Really interesting post – loved learning about how Kodak actually invented the digital camera back in the 70s.
What do you think was the main reason Kodak didn’t evolve into an Olympus-type player (i.e. with a big presence in medical imagining)? Was it that their R&D efforts were too scattered? Did they just not see the storm clouds coming with digital?
What’s troubling to me about this company is their ownership of (and ability to monetize) other peoples’ genetic data. At its core, genetic data is the most personal, private, and valuable healthcare data out there. How does 23andme’s model allow for the individuals sending their data to share in the company’s commercial success? Is there a threat that competitors come out with a better model and value proposition for incentivizing individuals to send data?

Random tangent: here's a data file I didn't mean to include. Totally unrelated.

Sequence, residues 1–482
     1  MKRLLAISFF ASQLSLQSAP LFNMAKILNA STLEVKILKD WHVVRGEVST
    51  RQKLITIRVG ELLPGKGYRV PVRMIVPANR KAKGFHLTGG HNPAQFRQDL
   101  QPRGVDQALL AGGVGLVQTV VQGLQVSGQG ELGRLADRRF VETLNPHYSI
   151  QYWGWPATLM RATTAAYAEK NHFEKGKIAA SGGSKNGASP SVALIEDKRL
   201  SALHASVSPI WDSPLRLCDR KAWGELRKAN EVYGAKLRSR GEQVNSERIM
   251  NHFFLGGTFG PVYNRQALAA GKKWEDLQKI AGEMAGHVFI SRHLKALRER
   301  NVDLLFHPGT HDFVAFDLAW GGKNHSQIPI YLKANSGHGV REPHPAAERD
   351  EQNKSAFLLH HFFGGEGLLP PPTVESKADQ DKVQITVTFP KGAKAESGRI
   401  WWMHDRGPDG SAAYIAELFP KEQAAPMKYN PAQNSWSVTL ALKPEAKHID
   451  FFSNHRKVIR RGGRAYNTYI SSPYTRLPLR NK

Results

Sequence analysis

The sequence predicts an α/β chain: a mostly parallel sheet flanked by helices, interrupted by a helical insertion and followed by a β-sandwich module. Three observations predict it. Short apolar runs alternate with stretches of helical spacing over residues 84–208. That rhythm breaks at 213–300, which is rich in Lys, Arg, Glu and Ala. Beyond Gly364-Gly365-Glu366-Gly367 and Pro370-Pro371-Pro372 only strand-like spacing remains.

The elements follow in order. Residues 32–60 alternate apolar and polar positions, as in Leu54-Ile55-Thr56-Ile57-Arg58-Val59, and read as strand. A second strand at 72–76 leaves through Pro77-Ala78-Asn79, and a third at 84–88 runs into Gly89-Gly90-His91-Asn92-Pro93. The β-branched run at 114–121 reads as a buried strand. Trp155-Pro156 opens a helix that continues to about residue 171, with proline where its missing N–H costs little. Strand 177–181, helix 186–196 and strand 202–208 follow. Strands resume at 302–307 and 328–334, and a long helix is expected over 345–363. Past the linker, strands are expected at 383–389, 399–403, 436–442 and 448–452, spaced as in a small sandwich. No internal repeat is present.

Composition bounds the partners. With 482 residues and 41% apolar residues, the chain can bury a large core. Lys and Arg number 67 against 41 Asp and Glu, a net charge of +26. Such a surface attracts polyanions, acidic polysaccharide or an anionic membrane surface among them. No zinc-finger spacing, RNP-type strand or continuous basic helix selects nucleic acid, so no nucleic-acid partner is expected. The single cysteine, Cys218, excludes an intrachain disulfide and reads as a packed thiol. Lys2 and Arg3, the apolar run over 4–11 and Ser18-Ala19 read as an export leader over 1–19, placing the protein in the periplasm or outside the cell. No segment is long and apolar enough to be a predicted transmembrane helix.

Really interesting research. Do you think the decision to hire a multitude of PhDs was evidence that they did not have a versatile enough technology to monetize? I.e. if they had a great technology that they just needed to operationalize, they could have just hired the necessary engineers to build product and sell. Spending so much early money on academic talent makes me think they had a shaky technology to begin with…